A routing protocol that calls for each router to build a database of the names of its neighboring routers and the cost to connect to each. Once all routers in a network have done so, each has a map of the entire network and can calculate the costs of each available route, from end to end. Open Shortest Path First (OSPF) is an example of a link-state protocol. See also database, OSPF, protocol, and router.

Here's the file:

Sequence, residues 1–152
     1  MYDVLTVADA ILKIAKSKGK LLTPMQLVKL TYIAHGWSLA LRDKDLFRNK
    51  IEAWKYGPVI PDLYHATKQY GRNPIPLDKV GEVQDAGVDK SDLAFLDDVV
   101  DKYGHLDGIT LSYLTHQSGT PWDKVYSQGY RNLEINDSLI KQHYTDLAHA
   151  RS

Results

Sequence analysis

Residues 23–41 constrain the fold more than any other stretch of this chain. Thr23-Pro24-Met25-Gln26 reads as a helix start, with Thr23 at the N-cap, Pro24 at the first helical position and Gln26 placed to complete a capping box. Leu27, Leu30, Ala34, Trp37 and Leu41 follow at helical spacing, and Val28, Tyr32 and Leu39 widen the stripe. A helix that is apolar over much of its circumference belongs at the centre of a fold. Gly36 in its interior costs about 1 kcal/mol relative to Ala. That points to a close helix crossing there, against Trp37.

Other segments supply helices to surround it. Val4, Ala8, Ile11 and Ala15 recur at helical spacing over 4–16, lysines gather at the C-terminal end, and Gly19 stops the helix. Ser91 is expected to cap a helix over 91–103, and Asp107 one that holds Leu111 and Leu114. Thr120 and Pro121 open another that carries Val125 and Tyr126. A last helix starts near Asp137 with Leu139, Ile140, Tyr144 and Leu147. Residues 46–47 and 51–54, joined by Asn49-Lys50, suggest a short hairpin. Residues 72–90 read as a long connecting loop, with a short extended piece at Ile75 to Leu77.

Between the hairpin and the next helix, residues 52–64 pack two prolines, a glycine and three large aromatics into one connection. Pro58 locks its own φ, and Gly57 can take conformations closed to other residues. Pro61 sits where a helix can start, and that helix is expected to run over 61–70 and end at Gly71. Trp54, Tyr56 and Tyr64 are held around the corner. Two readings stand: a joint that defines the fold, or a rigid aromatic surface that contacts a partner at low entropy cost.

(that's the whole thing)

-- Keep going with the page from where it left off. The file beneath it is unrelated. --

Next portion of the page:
A complex routing protocol that shares information with other routers in order to determine the best path. IS-IS was the first comprehensive link state protocol, and OSPF and NLSP evolved from it. Link state protocols use characteristics of the route such as speed and cost as well as current congestion to determine the best path, which is typically computed by the Dijkstra algorithm. Link state routers are updated from all the routers in the entire network by passing information from router to nearest router. Rather than continuously broadcast its routing tables as does a distance vector protocol, a link state protocol router only notifies its neighboring routers when it detects a change. Contrast with distance vector protocol and path vector protocol. See routing protocol, OSPF, NLSP and IS-IS.